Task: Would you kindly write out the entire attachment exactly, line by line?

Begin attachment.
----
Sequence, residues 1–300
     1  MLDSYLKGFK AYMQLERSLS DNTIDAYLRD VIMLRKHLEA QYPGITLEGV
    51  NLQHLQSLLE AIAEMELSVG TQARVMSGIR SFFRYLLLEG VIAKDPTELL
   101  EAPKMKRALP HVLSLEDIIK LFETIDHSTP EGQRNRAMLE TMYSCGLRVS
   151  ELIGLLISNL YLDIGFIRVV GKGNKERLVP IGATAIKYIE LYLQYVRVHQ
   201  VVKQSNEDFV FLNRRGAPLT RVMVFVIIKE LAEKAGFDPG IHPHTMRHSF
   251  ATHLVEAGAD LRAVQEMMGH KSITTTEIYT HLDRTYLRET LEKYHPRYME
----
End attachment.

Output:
Sequence, residues 1–300
     1  MLDSYLKGFK AYMQLERSLS DNTIDAYLRD VIMLRKHLEA QYPGITLEGV
    51  NLQHLQSLLE AIAEMELSVG TQARVMSGIR SFFRYLLLEG VIAKDPTELL
   101  EAPKMKRALP HVLSLEDIIK LFETIDHSTP EGQRNRAMLE TMYSCGLRVS
   151  ELIGLLISNL YLDIGFIRVV GKGNKERLVP IGATAIKYIE LYLQYVRVHQ
   201  VVKQSNEDFV FLNRRGAPLT RVMVFVIIKE LAEKAGFDPG IHPHTMRHSF
   251  ATHLVEAGAD LRAVQEMMGH KSITTTEIYT HLDRTYLRET LEKYHPRYME